Choukri Ben Mamoun PhD
Associate Professor of Medicine (Infectious Diseases) and of Microbial Pathogenesis
Purine transport and metabolism in P. falciparum. P. falciparum cannot synthesize purine nucleotides de novo, and therefore the purine salvage pathway provides an indispensable nutritional function for the parasite and offers the prospect of selective therapeutic manipulation of malaria. The first step in purine acquisition by P. falciparum is the translocation of host purines into the parasite. P. falciparum has four putative purine transporter genes, PfNT1, PfNT2, PfNT3, and PfNT4. A major effort in the lab is to investigate the role of these transporters in parasite’s intraerythrocytic development and survival.
Membrane biogenesis in P. falciparum. During its 48-h asexual life cycle within human erythrocytes, P. falciparum grows to many times its own original size and divides to produce 16-32 new parasites. This rapid multiplication requires active synthesis of new membranes and is fueled by phospholipid precursors and fatty acids that are scavenged from plasma. A major focus of our research is to investigate the mechanism of membrane biogenesis and identification of enzymes that play an important role in Plasmodium growth, replication and sexual differentiation.
Our therapy program builds upon the findings of our basic research program. There are two main topics investigated in this program: vaccine development and drug discovery.
Vaccine Development: Create transgenic parasites that can be used as attenuated malaria vaccines.
Drug development: Screen chemical libraries and design new compounds that target specific enzymes of the parasite.
Extensive Research Description
Malaria, caused by intraerythrocytic protozoan parasites of the genus Plasmodium, is by far the most pernicious and among the most prevalent of the parasitic diseases. Four species of Plasmodium (P. falciparum, P. malariae, P. ovale, and P. vivax) are known to be infectious to humans, and more recent cases of infection due to P. knowlesi have also been reported. These species cause approximately 300 - 500 million annual cases of clinical malaria resulting in 1.5 - 2.7 million deaths. Most fatalities can be ascribed to infection by P. falciparum.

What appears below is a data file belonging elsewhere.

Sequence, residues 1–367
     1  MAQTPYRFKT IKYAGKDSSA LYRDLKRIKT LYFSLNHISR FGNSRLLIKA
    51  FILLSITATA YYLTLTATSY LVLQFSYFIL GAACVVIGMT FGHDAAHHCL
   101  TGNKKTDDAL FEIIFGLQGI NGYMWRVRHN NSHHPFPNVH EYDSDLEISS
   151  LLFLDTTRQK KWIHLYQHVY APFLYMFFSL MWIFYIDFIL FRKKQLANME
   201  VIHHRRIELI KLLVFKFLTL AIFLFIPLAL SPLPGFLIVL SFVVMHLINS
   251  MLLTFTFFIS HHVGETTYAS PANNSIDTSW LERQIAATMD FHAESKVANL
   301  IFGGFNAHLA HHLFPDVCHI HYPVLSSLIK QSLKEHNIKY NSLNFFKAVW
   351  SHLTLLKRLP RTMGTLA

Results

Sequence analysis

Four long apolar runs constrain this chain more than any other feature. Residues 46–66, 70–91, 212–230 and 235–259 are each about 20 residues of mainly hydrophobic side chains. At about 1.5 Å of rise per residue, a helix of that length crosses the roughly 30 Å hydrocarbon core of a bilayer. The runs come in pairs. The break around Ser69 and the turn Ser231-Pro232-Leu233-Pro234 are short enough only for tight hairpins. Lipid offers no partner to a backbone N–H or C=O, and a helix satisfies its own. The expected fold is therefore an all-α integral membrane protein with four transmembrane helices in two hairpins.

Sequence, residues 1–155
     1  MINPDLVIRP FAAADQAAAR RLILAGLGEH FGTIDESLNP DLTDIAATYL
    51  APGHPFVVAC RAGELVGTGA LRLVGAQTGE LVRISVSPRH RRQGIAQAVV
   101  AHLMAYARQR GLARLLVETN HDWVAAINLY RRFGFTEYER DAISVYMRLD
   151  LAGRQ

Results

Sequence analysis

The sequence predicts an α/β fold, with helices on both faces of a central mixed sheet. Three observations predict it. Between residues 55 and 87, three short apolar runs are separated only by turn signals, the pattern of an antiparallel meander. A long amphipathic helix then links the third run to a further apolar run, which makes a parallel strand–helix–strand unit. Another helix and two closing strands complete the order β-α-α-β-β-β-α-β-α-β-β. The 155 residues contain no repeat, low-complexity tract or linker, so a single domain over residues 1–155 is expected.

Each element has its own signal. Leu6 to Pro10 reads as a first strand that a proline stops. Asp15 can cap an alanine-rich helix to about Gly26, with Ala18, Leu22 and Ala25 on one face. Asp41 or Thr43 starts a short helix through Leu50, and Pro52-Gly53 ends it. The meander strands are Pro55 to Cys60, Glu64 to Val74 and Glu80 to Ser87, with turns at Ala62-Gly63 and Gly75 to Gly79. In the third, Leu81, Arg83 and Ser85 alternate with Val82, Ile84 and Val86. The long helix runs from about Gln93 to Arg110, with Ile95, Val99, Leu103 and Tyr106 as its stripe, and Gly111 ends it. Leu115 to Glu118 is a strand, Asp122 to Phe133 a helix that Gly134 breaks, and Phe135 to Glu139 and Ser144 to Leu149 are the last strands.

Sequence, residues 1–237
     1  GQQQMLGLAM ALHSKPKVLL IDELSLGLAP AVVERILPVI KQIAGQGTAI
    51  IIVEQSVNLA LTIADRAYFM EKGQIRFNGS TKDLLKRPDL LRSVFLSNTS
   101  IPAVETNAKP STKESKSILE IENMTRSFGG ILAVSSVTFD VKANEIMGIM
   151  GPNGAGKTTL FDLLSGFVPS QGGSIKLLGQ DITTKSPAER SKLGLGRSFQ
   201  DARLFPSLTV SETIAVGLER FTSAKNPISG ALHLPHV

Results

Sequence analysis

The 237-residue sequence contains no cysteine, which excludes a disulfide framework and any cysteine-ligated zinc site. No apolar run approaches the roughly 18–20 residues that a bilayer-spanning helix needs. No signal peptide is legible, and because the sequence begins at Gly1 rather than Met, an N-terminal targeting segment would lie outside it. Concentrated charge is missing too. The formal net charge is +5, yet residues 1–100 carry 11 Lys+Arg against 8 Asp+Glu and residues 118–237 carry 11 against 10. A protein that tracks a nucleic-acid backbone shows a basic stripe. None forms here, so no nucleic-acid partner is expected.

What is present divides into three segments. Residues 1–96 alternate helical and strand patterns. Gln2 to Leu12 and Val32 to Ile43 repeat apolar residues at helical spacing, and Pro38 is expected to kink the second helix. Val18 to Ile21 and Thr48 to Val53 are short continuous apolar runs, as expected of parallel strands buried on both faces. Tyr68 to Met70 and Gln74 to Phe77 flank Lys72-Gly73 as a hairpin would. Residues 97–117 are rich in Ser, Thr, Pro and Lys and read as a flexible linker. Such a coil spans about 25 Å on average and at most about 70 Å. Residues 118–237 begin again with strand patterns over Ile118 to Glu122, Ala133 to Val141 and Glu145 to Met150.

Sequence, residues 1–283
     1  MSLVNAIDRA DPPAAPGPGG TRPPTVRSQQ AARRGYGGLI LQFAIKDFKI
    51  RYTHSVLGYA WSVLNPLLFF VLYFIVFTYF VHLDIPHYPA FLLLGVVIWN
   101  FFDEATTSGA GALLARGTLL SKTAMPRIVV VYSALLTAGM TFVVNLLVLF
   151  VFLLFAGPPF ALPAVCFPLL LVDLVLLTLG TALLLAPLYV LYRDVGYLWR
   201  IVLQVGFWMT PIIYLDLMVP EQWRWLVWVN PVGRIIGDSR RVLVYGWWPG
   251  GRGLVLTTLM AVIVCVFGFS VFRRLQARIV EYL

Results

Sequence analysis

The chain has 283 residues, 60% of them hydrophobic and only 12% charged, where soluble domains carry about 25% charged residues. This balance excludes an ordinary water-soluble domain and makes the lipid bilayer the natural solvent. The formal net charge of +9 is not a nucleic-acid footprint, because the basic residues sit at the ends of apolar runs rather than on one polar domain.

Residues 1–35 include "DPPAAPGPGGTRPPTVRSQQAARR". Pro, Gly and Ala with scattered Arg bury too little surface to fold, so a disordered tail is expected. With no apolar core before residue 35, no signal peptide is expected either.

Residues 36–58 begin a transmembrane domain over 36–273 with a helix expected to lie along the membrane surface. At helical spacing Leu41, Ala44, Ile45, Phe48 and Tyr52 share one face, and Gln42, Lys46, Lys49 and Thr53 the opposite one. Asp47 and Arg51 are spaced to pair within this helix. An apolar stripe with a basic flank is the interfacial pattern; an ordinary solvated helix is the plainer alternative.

Currently, there is no effective vaccine to combat malaria, and the current arsenal of medicines that have been used to treat and prophylax against P. falciparum infections is far from ideal. The need for new and more efficacious anti-malarial drugs and vaccines is acute. Plasmodium exhibits a complex life cycle consisting of a sexual phase within the Anopheles mosquito vector and an asexual phase with both exoerythrocytic and erythrocytic forms inside the human host. The ability to continuously propagate the erythrocytic form of P. falciparum in human red blood cells and the maturation of transfection technology that has provided a powerful vehicle for the genetic manipulation of the parasite genome makes this species of human malaria particularly suitable for the genetic, biochemical, and molecular biological investigations.